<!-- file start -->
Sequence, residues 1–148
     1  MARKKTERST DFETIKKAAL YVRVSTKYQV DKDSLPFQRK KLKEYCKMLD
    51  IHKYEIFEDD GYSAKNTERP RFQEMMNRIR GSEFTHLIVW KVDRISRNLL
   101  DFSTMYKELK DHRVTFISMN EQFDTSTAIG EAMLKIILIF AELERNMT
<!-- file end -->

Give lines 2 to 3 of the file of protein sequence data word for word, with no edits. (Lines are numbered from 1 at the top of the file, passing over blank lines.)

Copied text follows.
     1  MARKKTERST DFETIKKAAL YVRVSTKYQV DKDSLPFQRK KLKEYCKMLD
    51  IHKYEIFEDD GYSAKNTERP RFQEMMNRIR GSEFTHLIVW KVDRISRNLL